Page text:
If you were in any doubt as to the level of anger among businesses over the delay to the rating revaluation, look no further than the fact that two-thirds of the top 50 business rates payers are appealing their 2015/16 bills - yes, two-thirds.
They have every right to be furious. If their bills had been recalculated this year - based on 2013 valuations - as they should have been, they could well have been significantly lower. Instead, their bills have been based on a list compiled in 2010, which in turn was based on valuations carried out in 2008 - pretty much the top of the market and certainly before the global financial crisis kicked in.
The problem is that if the government had carried out the revaluation in 2013 (implementing it this year), the fall in rateable values would have forced it to increase the tax rate to about 56% from the current 48%, which would also have hacked people off. In short, the postponement seems to be little more than a cynical ploy to swerve the issue ahead of the election - while cunningly maintaining revenue.
So where does this leave businesses? Well, for Heathrow airport, it leaves it facing a whopping £118.3m bill, according to research carried out exclusively for Property Week by business rates campaigner, Paul Turner-Mitchell. The top 50 business rates payers face a truly eye-watering total bill of £672m.
As the BPF cogently argues, by 2017, businesses will be paying rates based on valuations that are nine years old - bad enough for businesses operating in sectors that held up pretty well during the downturn, but a total disaster for underperforming locations and sectors. Just look at what has happened to retail rents in London versus the regions. You could say Rochdale was effectively subsidising Regent Street and Barnsley Bond Street. Not something northerners will be too happy to hear in the week it was revealed that almost 20% of retail units are empty up north.
The reality is that where rates are artificially high between revaluations, it makes it harder to develop and harder for struggling places to recover. It is not just retail that is suffering. Regional offices are also being hit hard. And don’t underestimate the impact on businesses in the capital either - especially global operators.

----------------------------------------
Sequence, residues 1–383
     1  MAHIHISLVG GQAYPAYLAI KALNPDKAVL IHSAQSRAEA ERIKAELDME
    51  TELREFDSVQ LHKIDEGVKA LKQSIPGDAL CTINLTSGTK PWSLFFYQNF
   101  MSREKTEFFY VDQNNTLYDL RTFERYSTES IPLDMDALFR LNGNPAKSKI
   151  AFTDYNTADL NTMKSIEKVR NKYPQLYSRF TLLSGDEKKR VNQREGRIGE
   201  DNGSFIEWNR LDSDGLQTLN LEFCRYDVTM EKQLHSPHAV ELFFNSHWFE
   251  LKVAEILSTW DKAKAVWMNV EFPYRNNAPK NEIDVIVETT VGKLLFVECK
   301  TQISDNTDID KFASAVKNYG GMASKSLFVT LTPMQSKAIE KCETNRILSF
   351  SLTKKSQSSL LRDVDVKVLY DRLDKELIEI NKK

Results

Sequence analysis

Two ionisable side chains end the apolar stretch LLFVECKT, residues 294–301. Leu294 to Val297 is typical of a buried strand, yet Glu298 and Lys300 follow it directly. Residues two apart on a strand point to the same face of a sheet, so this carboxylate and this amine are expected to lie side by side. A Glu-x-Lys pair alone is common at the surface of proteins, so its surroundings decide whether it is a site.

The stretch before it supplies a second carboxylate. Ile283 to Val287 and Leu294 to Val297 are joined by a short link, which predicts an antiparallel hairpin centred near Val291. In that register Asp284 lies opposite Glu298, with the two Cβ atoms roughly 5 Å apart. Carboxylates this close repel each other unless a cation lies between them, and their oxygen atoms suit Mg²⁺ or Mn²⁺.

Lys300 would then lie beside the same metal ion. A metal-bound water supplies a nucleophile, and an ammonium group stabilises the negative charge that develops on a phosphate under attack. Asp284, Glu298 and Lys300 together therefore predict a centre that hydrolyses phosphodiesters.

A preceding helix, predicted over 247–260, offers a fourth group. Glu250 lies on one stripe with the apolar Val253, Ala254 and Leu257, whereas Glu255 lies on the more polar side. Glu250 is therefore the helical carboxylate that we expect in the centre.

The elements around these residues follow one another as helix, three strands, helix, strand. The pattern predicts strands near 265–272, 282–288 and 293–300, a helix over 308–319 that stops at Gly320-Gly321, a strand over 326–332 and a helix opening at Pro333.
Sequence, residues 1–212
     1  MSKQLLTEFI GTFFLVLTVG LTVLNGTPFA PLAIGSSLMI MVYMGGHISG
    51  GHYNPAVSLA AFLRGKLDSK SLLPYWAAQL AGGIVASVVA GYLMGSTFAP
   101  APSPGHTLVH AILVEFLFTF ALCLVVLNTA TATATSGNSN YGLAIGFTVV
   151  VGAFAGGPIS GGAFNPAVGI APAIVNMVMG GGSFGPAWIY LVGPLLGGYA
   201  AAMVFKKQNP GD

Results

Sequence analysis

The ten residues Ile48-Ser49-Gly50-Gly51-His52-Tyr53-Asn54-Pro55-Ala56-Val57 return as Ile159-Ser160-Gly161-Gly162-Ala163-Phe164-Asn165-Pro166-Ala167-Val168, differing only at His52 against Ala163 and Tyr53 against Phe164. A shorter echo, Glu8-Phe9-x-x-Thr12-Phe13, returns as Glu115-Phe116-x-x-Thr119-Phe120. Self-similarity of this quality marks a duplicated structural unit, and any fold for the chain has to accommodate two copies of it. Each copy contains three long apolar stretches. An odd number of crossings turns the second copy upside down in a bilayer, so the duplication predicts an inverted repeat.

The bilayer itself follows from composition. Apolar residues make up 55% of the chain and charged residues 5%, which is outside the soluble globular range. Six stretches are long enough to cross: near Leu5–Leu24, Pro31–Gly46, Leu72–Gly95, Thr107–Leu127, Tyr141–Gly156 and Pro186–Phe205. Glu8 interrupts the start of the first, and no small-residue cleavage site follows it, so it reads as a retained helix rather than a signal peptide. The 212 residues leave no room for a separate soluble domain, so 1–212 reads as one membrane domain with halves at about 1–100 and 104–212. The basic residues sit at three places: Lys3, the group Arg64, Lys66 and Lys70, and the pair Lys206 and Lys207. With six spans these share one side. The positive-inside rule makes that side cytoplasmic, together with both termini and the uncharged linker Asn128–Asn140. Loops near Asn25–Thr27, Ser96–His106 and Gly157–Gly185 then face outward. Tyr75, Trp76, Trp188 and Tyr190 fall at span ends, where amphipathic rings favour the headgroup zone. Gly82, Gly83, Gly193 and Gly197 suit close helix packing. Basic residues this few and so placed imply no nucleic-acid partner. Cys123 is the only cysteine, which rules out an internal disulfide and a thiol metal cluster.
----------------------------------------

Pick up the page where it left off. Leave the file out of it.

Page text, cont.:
As one West End retail agent points out: “Landlords are pushing rents in London - and indeed elsewhere - to unobtainable levels. But the big problem for international retailers is rates, which are an absolute killer because in general they’re paying 35%-40% on top of rents. If you’re paying £600-plus zone-A and you add rates onto that as well it’s very, very painful and it’s difficult to make it work.”
Does this improve the UK’s standing in the global community? Is it fair? Does it in any way, shape or form help the economy? No, but as ever, property is an easy target, one that seems to get just that much bigger in election years - which is why we should all back the BPF’s call for the rating revaluation system to be modernised.
It has proposed the introduction of a fixed multiplier that ensures rates are based on how well the economy is doing, as well as more frequent revaluations and greater relief from empty property rates, which it rightly argues are “a deeply unfair tax on business failure that also adds cost to economically desirable (re)development activity”.
It is also calling for any review of the business rates system to address the need to reduce the level of appeals. Its logic is hard to argue with. After all, a system that has prompted two-thirds of business to appeal their rates, and basically thrown the whole process into chaos, surely cannot be in anyone’s interest.